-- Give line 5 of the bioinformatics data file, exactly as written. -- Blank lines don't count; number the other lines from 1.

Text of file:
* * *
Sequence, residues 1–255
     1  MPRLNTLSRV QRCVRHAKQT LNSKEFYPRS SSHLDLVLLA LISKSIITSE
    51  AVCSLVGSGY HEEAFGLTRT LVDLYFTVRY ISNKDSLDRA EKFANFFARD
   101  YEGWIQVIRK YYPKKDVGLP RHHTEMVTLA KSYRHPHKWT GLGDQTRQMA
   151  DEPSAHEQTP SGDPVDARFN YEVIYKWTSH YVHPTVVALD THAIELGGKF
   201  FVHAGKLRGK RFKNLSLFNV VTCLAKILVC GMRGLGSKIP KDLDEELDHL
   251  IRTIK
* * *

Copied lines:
   151  DEPSAHEQTP SGDPVDARFN YEVIYKWTSH YVHPTVVALD THAIELGGKF